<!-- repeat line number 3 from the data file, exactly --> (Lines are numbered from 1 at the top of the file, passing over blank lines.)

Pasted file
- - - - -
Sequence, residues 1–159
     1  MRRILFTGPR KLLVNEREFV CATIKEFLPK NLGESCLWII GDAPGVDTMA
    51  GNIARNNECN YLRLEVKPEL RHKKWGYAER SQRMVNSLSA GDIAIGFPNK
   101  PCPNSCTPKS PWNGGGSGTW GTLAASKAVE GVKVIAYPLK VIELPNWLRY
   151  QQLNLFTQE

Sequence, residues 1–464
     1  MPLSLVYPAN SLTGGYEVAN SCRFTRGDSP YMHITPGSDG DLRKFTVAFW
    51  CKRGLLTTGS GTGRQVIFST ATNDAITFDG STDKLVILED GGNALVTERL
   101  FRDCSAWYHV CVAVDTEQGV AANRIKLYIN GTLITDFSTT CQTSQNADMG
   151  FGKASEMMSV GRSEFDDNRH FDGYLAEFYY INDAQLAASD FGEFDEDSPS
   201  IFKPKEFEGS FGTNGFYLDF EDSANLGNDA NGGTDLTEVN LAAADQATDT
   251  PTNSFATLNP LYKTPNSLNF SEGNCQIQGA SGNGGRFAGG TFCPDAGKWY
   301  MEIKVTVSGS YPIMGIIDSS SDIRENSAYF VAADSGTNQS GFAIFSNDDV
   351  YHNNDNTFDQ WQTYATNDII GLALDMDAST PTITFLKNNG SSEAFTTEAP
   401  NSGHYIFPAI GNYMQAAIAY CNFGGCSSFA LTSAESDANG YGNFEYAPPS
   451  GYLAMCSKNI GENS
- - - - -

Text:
    51  GNIARNNECN YLRLEVKPEL RHKKWGYAER SQRMVNSLSA GDIAIGFPNK